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Aconcagua & Jetboil Zip: Yes or No?

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Aconcagua & Jetboil Zip: Yes or No?

Postby herdbull » Fri Mar 29, 2013 11:21 am

So would you take a Jetboil Zip as your only personal stove up Aconcagua?

I've heard mixed things about canister stoves, high altitude & cold temps. I currently have a MSR Simmerlite but a local store has a pretty good sale on the Zip right now.

Functionality is the main objective of the stove over size and weight. I know you'd have to bring a few more canisters along than white gas bottles and the stove unit is a bit bigger but mules will be providing a good chunk of the heavy hauling. The main reason of the Zip would be more user friendly inside a tent or vestibule.

Any thoughts?

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Re: Aconcagua & Jetboil Zip: Yes or No?

Postby jbchalk » Fri Mar 29, 2013 11:32 am

We had both Whisperlite & Jetboil on our recent climb of Aconcagua. I'd bring both b/c you never know, but on our 2nd final summit push up from basecamp, all we brought was my jetboil and performed just fine even at 19,200' for 2 nights.

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Re: Aconcagua & Jetboil Zip: Yes or No?

Postby MountainHiker » Fri Mar 29, 2013 12:01 pm

I’d make sure there is more than one stove in the group. If your only stove fails, you’re done. Also if someone has to return to base came while the others stay high for a summit attempt, you need flexibility. There will be 10+ days of a lot of use.

We had two MSRs and a canister stove. Each stove took a turn having an issue. The canister stove didn’t work well at Nido – about 18,200’. (Don’t know the brand.) I had rebuild parts and was able to fix the MSRs when they had their issues.
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Re: Aconcagua & Jetboil Zip: Yes or No?

Postby benners » Fri Mar 29, 2013 12:12 pm

I've personally had issue with Jetboils in the extreme cold and at high altitude. Mine pretty much stopped working at Camp Berlin on Acon but it was also absurdly cold out, so though to say whether it was more the altitude or more the temperature that affected it. Regardless I feel better about being able to pressurize the fuel caniser to whatever temp/elevation I'm at so I can get a good flame going. I personally would not rely solely on a Jetboil at the higher camps on Aconcagua.

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Re: Aconcagua & Jetboil Zip: Yes or No?

Postby dsunwall » Fri Mar 29, 2013 1:52 pm

I had good luck with a Jetboil Sol down to zero degrees this winter. I have not been to Aconcagua however. I believe the Sol is rated for a bit colder than the Zip? not certain. I liked using the smallest canisters, and always had 2. One would be on my bare belly while using the other, once the roar decreased I would switch canisters. Granted a bit of a hassle but the advantage of using a stove inside my tent was huge. Yes, I had some ventilation going on and never fell asleep with it on. Some will question the wisdom of this but I never got a headache or felt nauseous.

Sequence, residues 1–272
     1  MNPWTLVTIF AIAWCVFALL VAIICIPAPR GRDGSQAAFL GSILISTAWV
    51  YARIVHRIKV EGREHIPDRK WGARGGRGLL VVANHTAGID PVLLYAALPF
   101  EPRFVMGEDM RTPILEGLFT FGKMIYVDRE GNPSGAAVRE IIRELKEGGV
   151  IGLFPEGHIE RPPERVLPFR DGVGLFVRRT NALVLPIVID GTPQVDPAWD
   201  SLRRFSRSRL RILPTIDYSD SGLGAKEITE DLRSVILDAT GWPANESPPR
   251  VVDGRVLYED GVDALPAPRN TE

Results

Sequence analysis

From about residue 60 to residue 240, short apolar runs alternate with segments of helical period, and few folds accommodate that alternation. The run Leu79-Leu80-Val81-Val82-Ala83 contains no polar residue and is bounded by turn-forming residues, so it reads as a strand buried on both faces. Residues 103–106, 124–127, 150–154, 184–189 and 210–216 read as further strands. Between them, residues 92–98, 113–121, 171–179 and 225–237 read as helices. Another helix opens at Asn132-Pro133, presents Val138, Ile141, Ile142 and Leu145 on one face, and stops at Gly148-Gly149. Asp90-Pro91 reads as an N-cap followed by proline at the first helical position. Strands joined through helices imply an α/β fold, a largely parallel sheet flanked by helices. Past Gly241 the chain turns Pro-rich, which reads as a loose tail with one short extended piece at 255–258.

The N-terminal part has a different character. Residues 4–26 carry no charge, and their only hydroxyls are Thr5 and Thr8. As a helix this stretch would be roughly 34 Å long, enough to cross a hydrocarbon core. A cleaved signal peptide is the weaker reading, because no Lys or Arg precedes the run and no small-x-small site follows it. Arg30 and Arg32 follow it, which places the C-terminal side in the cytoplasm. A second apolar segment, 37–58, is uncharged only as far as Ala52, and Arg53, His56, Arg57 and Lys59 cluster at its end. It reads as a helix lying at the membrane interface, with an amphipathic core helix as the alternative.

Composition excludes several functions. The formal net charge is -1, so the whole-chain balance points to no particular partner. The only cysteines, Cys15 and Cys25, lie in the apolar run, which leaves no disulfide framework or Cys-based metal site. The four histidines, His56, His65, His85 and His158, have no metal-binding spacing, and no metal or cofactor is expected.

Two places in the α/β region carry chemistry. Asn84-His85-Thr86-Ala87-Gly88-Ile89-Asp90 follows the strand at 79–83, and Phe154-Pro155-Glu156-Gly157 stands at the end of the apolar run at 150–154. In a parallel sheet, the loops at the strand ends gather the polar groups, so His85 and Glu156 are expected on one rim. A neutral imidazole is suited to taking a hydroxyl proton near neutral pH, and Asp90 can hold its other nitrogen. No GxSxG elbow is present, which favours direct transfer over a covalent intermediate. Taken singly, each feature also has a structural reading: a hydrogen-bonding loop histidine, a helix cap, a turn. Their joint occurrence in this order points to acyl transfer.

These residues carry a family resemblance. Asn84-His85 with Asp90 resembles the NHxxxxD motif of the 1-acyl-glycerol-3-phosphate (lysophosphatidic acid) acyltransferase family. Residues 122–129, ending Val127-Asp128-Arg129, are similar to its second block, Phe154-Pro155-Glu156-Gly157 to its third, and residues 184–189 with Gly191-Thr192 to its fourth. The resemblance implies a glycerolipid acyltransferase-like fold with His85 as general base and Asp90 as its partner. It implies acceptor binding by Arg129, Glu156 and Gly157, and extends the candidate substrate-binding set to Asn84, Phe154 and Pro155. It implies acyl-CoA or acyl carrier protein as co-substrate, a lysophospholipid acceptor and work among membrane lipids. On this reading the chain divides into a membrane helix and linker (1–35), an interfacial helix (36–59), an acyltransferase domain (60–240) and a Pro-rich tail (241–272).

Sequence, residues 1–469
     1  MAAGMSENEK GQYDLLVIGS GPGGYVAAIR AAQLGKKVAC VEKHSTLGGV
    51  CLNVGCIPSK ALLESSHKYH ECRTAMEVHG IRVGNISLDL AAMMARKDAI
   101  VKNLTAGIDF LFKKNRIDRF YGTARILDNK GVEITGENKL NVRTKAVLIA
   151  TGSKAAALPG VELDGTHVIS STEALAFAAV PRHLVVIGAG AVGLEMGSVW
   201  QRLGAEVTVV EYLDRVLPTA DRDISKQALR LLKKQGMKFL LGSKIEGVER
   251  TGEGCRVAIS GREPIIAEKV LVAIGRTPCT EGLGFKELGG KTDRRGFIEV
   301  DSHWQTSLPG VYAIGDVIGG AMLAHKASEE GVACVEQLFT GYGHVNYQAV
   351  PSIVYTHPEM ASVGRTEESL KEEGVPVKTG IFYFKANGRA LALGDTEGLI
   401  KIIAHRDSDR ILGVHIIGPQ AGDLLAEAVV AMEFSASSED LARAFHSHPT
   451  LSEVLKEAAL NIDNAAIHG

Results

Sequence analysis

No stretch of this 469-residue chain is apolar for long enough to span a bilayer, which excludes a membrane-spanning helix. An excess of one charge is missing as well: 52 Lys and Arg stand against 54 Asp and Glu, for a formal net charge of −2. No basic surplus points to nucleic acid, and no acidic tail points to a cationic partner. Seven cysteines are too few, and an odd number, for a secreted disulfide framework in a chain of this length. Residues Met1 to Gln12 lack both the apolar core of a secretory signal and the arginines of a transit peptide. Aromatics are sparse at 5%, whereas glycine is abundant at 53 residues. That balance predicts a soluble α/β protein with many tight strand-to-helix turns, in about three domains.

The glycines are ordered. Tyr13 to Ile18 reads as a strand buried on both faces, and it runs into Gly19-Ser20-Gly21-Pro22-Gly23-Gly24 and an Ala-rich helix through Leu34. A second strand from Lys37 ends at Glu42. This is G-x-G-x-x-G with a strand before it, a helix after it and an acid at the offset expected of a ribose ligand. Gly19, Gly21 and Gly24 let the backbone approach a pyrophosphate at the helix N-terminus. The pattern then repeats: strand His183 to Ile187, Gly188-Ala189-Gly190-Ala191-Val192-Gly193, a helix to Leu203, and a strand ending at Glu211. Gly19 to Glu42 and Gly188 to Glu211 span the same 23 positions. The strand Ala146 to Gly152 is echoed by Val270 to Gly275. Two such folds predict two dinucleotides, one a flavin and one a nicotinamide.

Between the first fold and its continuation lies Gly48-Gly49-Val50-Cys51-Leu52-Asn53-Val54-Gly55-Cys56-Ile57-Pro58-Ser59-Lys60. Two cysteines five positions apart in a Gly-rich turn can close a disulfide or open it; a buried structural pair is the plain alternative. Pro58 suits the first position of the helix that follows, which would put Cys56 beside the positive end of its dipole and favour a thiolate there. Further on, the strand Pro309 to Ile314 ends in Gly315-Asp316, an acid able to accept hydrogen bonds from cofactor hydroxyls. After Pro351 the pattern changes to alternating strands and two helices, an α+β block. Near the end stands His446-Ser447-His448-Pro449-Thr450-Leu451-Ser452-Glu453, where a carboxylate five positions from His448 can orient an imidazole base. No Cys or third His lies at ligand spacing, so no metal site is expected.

It's also important to have insulation between the canister and the ground, I made a cozy for the canister. Sometimes I would put bare hands around it to give it a boost of heat. Setting the stove on my leg (while holding it in place) also seemed to help alot. A jetboil is fast and all one contained unit so holding it for a few minutes now and then is not a big issue.

or you can take several canister stoves and stack them. #-o

STACKED CANNISTERS.jpg
STACKED CANNISTERS.jpg (17.58 KiB) Viewed 532 times

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Re: Aconcagua & Jetboil Zip: Yes or No?

Postby herdbull » Fri Mar 29, 2013 3:46 pm

thanks guys. Kind of what I thought. Might be "iffy" totally relying on the Jetboil. There is no group as it will only be myself. Unless I make friends with other climbers on the way up.

I'll stick with the MSR and maybe try and borrow another smaller stove for just in case moments. I've got no problem sleeping with a couple canisters but if one leaves for a gear haul or even summit day there's no way to keep them warm unless you bring them with you in your jacket or something. Not ideal to say the least.

Anything special to know about running these stoves at 18K+? Obviously keep them clean.

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Re: Aconcagua & Jetboil Zip: Yes or No?

Postby MountainHiker » Fri Mar 29, 2013 4:25 pm

My strategy on two MSRs was I could swap parts as needed. The mountain was lacking snow when we were there so the ice axe was for chopping ice to melt. The black plastic garbage bag trick for pre-melting that worked well on Rainier, didn’t do much on Aconcagua. But it was nice to have for storing ready-to-melt ice. Speaking of bags, you might want to double or triple the provided s**t bags, so some extra kitchen garbage bags are good to have.

There were three of us and a stove was going a lot of the time making water. Because of the low air pressure you might find the stoves need less pumps. I like to have an extra water bottle or 2 in addition to the ones I climb with. That way I can be drinking from the extra bottles without having to melt just before departure. I used rock to build a stove area just outside of the vestibule. We spent 4 nights – part of 5 days at Nido and above so I had plenty of time to add to it.